In another step toward being among the elite, Stony Brook Athletics marshaled the construction of a new indoor turf facility to accommodate all outdoor teams year-round.
The 65-foot-high indoor facility will have 80 yards of turf, including the end zones. It will be the same type of turf that is used in LaValle Stadium. The facility will also have 360-degree netting, a scoreboard and a dropdown net at center field. This will allow the facility to be split into two separate areas for simultaneous practices. It will be available to all Stony Brook outdoor teams, such as football, lacrosse and soccer.
This facility is a part of a five-year plan initiated by Director of Athletics Shawn Heilbron. He and the rest of the athletics department recognized that championship facilities are key in creating elite-level programs.
“We need to show our athletes that we’re serious about competitive success, and this facility definitely shows that,” Heilbron said.
This facility appeals to not only current student athletes, but also those Stony Brook is trying to recruit.
Even though Stony Brook has been a part of NCAA Division I athletics since 2009, the program had previous projects to accomplish. LaValle Stadium and the Island Federal Credit Union Arena were both a part of the massive additions made to Seawolves athletics.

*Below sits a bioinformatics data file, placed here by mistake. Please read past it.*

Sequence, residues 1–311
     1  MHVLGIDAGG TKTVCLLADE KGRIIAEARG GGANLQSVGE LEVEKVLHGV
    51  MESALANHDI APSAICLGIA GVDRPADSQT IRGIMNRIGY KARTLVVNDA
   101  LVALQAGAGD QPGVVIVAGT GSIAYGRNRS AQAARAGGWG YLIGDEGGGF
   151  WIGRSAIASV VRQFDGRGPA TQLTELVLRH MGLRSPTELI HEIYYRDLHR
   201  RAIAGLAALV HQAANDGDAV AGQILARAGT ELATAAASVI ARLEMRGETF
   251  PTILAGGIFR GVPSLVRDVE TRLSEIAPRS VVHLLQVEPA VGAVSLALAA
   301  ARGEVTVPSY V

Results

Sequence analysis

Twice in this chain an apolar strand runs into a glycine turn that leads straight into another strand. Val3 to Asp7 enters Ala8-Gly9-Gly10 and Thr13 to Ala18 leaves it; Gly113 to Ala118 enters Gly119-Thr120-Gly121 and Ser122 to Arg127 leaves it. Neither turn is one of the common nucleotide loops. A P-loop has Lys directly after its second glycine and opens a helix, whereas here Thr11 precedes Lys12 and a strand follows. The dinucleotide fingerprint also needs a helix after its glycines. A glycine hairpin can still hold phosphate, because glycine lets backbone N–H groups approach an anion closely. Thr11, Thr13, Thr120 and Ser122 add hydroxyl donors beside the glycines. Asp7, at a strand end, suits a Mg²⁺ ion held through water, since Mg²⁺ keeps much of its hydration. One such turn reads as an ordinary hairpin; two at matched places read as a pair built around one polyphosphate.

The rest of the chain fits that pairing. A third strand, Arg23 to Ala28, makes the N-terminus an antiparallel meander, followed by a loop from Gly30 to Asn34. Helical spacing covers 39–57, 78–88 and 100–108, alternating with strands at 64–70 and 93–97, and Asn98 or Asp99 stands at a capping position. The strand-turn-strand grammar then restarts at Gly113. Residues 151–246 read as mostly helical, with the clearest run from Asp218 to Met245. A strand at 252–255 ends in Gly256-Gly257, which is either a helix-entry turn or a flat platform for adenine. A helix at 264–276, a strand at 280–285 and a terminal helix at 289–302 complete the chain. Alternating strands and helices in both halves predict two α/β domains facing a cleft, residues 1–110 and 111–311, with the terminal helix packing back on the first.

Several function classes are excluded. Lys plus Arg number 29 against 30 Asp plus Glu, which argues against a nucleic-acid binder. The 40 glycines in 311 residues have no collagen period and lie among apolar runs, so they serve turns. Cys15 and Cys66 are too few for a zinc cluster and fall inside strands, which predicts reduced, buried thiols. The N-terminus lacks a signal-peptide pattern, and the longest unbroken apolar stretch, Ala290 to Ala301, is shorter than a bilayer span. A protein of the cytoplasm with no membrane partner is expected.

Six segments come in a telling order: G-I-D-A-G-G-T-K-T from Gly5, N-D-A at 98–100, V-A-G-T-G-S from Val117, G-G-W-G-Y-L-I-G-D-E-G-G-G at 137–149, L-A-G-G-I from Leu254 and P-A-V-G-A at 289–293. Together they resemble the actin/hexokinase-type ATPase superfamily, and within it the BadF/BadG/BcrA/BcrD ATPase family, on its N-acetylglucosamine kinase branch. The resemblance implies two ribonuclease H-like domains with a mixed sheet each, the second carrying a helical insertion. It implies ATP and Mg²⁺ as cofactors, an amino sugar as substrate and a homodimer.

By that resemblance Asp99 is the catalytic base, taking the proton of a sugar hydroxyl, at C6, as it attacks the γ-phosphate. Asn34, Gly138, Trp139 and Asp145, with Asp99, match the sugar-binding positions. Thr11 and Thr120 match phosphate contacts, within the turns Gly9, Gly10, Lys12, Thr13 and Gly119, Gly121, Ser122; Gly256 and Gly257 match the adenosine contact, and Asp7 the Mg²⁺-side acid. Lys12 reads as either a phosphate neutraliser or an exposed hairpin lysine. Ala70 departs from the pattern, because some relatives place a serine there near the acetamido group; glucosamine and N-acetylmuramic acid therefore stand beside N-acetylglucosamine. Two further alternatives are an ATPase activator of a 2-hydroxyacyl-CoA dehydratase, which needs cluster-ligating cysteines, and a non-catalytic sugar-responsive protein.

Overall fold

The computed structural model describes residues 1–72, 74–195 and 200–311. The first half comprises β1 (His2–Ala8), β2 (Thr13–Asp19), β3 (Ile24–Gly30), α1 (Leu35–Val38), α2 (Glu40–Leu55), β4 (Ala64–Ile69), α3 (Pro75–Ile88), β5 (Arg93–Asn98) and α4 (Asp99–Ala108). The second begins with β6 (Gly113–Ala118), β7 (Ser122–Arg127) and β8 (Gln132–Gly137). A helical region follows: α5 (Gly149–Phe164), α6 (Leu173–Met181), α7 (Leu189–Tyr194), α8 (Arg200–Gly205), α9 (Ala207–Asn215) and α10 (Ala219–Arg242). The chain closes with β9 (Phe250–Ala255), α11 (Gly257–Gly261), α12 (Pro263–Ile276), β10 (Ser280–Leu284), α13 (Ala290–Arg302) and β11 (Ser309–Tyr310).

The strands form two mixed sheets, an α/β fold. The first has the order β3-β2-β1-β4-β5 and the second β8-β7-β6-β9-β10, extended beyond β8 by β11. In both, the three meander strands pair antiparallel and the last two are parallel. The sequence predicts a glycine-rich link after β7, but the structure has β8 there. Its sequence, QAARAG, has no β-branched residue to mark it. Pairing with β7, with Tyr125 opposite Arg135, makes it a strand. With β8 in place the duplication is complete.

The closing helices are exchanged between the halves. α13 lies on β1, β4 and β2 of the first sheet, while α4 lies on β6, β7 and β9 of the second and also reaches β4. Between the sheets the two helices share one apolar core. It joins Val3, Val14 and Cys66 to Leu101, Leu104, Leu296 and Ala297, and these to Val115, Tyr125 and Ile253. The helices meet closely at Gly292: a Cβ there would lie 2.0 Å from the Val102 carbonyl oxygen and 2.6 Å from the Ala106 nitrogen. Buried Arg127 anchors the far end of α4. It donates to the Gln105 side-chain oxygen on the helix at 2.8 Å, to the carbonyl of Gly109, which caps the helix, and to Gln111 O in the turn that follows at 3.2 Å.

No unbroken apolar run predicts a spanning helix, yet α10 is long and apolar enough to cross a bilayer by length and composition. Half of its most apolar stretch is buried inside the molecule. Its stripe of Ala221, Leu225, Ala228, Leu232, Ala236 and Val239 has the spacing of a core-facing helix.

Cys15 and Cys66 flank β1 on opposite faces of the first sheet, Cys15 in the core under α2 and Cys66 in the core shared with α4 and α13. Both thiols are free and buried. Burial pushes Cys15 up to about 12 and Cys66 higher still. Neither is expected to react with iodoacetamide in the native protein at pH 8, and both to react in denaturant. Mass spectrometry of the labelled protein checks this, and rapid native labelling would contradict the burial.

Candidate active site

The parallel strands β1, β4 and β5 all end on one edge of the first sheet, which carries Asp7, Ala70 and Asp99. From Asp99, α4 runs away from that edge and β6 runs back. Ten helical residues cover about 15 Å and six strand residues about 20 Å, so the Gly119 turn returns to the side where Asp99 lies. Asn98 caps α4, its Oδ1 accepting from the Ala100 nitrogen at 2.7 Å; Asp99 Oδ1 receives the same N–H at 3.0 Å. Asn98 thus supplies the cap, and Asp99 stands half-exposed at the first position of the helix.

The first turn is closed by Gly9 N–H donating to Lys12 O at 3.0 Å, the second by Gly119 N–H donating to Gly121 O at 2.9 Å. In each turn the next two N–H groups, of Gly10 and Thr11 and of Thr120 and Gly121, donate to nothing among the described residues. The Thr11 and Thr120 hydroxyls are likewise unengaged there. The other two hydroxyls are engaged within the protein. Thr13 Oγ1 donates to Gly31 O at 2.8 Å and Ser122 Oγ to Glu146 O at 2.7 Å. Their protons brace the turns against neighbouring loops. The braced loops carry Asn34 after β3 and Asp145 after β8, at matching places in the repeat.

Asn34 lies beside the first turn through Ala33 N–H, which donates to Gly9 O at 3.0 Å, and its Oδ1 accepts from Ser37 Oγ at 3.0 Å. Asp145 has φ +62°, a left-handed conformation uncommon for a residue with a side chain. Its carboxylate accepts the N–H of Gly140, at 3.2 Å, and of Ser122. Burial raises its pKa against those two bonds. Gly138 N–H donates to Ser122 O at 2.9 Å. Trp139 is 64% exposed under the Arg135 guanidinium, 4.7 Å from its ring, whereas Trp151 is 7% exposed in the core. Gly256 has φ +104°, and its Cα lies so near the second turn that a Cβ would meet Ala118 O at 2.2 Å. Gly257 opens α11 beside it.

“This is another step in that process, so we had to raise the money. We really had to make sure that we had all our facilities in line in terms of priority,” Heilbron said. “We have a lot of projects on the horizon, but this was just a big one at this point in time.”
The facility would not have been possible without the $5 million contribution from the Dubin family, which covered half the costs. Glenn (Stony Brook ‘78, ‘12), along with his wife Eva, has been a key player in the advancement of Stony Brook Athletics.
His first gift for the Seawolves was the Dubin Family Athletic Performance Center, located inside the Indoor Sports Complex.
“At the time, our athletes were working out in a very much non-college athletic environment,” said Adam McLeod, associate athletics director. “Moving them into the weight room that Dubin was able to provide was tremendous for us.”
The new facility addresses a significant problem for the outdoor teams.
“Anytime we are out in the elements, snow, rain … it really hampers our ability to train,” McLeod, said. “Anytime it snows, it pretty much shuts down operations … so having this facility will really give us an advantage against other teams.”
For sports such as football, this facility allows skill position players to work on their game on a much deeper level.
“We will be able to run more routes. We need more room,” said Carter McCarthy, tight end for Stony Brook Football. “Receivers need 50 yards of field to run a go route while a lineman needs 10 yards … .”
As for the future, both athletes and staff are hoping for more upgrades.
“The new locker would be nice to have for sure,” McCarthy said. “The sound system isn’t the best. I need a new sound system.”
The staff would like to see another five-year plan because Heilbron wants to compete with schools such as Ohio State, Texas and Michigan.
“Our goal is to compete nationally,” he said. “We are serious about continued growth and continued success.”